Accounting firm PricewaterhouseCoopers LLP was charged by the Securities & Exchange Commission with improper professional conduct in connection with 19 engagements on behalf of 15 SEC-registered issuers and violating auditor independence rules in connection with engagements for one issuer where the firm performed prohibited non-audit services. The SEC also charged PwC partner Brandon Sprankle with causing the firm’s independence violations. Both respondents have agreed to settle the charges and PwC will pay over $7.9 million in monetary relief.
The SEC’s order finds that PwC violated the SEC’s auditor independence rules by performing prohibited non-audit services during an audit engagement, including exercising decision-making authority in the design and implementation of software relating to an audit client’s financial reporting, and engaging in management functions. In connection with performing non-audit services for 15 SEC-registered audit clients, the order states that PwC violated Public Company Accounting Oversight Board (PCAOB) Rule 3525, which requires an auditor to describe in writing to the audit committee the scope of work, discuss with the audit committee the potential effects of the work on independence, and document the substance of the independence discussion. According to the order, PwC’s actions deprived numerous issuers’ audit committees of information necessary to assess PwC’s independence. As further detailed in the order, the violations occurred due to breakdowns in PwC’s independence-related quality controls, which resulted in the firm’s failure to properly review and monitor whether non-audit services for audit clients were permissible and approved by clients’ audit committees.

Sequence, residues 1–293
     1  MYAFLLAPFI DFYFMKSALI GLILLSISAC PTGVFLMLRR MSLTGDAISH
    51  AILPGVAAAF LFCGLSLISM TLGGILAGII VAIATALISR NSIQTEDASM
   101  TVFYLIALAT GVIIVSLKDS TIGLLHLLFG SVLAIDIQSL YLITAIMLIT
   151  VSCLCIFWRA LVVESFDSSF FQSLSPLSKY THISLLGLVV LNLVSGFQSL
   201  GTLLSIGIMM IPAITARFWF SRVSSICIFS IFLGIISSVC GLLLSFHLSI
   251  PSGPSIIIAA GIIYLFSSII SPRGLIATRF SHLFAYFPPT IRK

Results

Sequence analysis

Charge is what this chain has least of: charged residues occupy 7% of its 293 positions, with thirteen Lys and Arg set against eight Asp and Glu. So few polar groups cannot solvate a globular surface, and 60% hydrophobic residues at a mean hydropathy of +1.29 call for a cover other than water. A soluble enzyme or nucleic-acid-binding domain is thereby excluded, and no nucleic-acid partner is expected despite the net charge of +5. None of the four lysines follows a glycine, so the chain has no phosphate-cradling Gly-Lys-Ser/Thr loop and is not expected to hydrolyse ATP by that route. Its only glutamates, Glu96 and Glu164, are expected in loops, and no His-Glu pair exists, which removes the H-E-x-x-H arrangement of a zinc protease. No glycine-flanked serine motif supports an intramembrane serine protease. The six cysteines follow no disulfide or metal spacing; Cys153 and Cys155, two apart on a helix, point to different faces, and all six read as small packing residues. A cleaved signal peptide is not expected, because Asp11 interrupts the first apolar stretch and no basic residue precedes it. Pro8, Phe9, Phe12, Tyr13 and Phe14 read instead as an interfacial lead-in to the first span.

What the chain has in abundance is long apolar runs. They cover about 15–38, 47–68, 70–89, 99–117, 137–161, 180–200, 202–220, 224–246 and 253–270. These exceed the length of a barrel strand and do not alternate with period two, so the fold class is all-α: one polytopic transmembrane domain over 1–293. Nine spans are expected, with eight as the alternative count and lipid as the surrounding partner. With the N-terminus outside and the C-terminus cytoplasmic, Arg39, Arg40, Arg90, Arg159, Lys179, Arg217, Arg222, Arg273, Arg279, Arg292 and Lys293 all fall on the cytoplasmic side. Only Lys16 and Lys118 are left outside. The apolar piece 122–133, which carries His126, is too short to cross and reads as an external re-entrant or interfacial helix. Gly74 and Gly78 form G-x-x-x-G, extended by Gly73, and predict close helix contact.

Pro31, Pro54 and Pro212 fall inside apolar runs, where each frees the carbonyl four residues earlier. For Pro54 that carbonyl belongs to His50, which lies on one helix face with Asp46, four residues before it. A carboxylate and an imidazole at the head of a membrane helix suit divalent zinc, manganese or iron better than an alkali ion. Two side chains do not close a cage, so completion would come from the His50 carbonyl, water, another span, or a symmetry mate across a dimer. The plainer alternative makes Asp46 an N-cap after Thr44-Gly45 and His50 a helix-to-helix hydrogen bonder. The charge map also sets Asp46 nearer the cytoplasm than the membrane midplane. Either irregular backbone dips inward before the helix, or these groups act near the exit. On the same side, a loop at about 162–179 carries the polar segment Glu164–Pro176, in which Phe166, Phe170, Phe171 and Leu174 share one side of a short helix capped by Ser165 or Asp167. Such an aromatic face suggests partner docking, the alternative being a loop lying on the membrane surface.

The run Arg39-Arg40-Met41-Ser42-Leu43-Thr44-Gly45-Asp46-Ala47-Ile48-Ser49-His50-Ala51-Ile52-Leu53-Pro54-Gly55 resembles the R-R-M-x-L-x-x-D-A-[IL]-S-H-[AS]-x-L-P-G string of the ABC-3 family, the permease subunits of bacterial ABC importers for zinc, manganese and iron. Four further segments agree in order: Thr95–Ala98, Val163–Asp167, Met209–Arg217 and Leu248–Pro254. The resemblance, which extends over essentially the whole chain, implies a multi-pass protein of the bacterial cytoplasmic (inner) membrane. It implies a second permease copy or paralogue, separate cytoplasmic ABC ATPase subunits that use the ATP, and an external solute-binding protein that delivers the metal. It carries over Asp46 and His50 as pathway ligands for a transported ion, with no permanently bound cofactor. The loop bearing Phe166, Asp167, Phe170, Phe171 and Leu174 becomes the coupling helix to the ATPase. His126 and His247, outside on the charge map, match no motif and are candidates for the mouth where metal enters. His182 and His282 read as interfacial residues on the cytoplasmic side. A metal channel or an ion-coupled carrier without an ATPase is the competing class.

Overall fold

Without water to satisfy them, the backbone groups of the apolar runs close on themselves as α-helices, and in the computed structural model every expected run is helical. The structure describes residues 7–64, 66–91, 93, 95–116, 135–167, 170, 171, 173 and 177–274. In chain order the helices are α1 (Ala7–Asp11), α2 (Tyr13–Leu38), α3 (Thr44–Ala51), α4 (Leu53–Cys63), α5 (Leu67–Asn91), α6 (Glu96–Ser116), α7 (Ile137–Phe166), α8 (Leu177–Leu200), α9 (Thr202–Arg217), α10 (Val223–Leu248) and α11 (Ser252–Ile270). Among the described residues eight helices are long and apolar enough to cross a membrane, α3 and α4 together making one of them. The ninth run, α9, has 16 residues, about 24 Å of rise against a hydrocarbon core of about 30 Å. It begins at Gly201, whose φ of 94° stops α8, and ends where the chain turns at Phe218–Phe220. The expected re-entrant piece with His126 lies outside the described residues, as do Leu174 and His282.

“Auditors play a fundamental role in protecting the reliability and integrity of financial reporting and must ensure that non-audit services do not come at the cost of their independence on audits of public companies,” said Anita B. Bandy, Associate Director of the SEC’s Division of Enforcement. “PwC repeatedly provided non-audit services without having effective quality controls in place for monitoring whether the services impaired its independence on audit engagements and were properly disclosed to audit committees.”
The SEC’s orders find that PwC and Sprankle violated the auditor independence provisions of the federal securities laws and caused one audit client to violate its obligation to have its financial statements audited by independent public accountants. The order also finds that PwC and Sprankle engaged in improper professional conduct within the meaning of Rule 102(e) of the SEC’s Rules of Practice.
PwC and Sprankle consented to the SEC’s order without admitting or denying the findings and agreed to cease and desist from future violations. PwC agreed to pay disgorgement of $3,830,213, plus prejudgment interest of $613,842 and a civil money penalty of $3.5 million, and to be censured. Sprankle agreed to pay a civil money penalty of $25,000, and to be suspended from appearing or practicing before the Commission, with a right to reapply for reinstatement after four years. PwC also agreed to perform a detailed set of undertakings requiring the firm to review its current quality controls for complying with auditor independence requirements for non-audit services and for evaluating its provision of non-audit services.
The SEC’s investigation was conducted by Matthew Finnegan and Paul Gunson and was supervised by Ms. Bandy and Douglas McAllister. The SEC appreciates the assistance of the PCAOB.
Jeffrey Newman represents SEC whistleblowers.